not covered by pre-existing conditions. but what the federal government is doing is punting it to the states and letting them decide whether their state policies cover pre-existing conditions or not. that's something the freedom caucus found acceptable. we'll see if the moderates find it acceptable. >> good to see you. rick, a whole new relationship between the two of us. >> if only andrew jackson had lived long enough to do american health care act. after the break, chaos in the cabinet. international flight hits major turbulence, sending passengers through the plane. for hide n' s) ready or not, here i come. ♪
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some dangerous and terri terrifying moments for passengers on an aeroflot flight from moscow to bangkok overnight. hit severe turbulence. video on the plane after the incident shows injured passengers laying in the aisles. nbc's chief global correspondent b bill neely is in london. bill, usually a pilot gets warning from a pilot who's already been through turbulence to let them know where it is. this seemed to hit them out of nowhere. >> not in this case. if you fly, you've probably felt turbulence but this was something else. 40 minutes before the flight was
due to land in bangkok, suddenly without warning, the boeing 777 began to shake violently. passengers were hurled up onto the roof of the plane. back down again. some of them took those videos and the stills immediately afterwards. as you can see, they showed passengers in the aisles, debris scattered everywhere. 27 people in all were hurt. some of them had fractured or broken bones in their hands, their legs and their ribs. one passenger said it felt like the shaking just wouldn't stop, that we would crash. absolutely terrifying. well as you say, the violent shaking came from nowhere. the russian airline aeroflot said the plane hit something called clear air turbulence. now, that's a well-known problem. hundreds of cases every year. it cannot be picked up by radar. the pilot can't see it, and so the crew who were very experienced had no chance to warn the passengers. the airlines say it was impossible to foresee. the russians say some of the passengers simply didn't have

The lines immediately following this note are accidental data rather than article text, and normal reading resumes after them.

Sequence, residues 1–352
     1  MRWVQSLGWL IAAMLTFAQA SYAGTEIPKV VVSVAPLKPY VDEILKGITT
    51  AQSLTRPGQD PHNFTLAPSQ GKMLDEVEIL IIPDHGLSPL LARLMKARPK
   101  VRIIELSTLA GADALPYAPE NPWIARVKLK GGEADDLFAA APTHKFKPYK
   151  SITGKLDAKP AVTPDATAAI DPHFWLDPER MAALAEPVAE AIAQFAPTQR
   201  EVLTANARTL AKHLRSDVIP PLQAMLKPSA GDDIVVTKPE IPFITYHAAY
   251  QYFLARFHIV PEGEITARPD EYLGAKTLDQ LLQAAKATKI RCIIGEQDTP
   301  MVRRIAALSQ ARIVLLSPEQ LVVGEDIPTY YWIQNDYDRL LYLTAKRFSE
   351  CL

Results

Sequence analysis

their seat belts fastened, hence the injuries. three people needed surgery. two of them for multiple leg fractures. one child was hurt. but no one has life-threatening injuries. now, in the u.s., about 60% a year are injured by clear air turbulence. a year. this was 27. pretty serious. the skies were clear, weather was good. it's huge masses of air that collide. if your plane is stuck in the middle, watch out. i suppose, ali, the lesson is keep your seat belt fastened for as long as you can. >> that's what they say, why the pilots say it, it's worth noting, this is good piloting that kept this plane going through it and a well-built plane. if it's that rough and that plane still keeps flying, that should give everybody a little pause. put your seat belt on. bill, thank you for that. bill neely in london. keeping an eye on markets today after president trump said in an interview he's considering bringing back a version of
glass/steagall. minutes to go to the closing, i'm calling in my buddy, half brother, ron insana keeping an eye on the markets for us today. the dow a flat, been flat for a while. the concept of bringing back glass/steagall, this was a bill that kept commercial banks and lending banks separate. >> right, this has to be done for a legislative act. the president can't just declare that goldman sachs and morgan stanley are investment banks. bank of america has to get rid of marl lin merle lin -- also needs to be reformed in order to get this done. this is a long process. wall street shrugged this off. the banks are soft. what's driving the market today, ali, is tech. apple is at an all-time high. $250 billion in cash. the nasdaq up 50 points or so at last check. the dow is lagging a bit. >> important to note, we often think the markets go in the same
direction. that's a big gain on the nasdaq. look, we saw last week quite a good week for markets. what's driving, is it earnings or is it some political stuff? >> there has been some hope, obviously, that health care reform and tax reform would pass more quickly than they appear to be going through congress. earnings are up 13% thus far reported in the first quarter, 77% of companies that reported their profits thus far have beaten expectations. that's well above the 66% that's normal. so earnings are quite strong, and that is a big lift -- >> that's important because that's not just sentiment. that's not just -- >> no, no. >> -- not investors thinking donald trump is president, regulations are going to go down, taxes are going to go down so i'm going to buy stocks. the only thing that matters for old guys like us is earnings. >> yes. the profits and ability of a company to share those profits with shareholders in the forms of dividends, stock buybacks, boosted by the fact the first-quarter profits are so good. we' the comparables are very easy to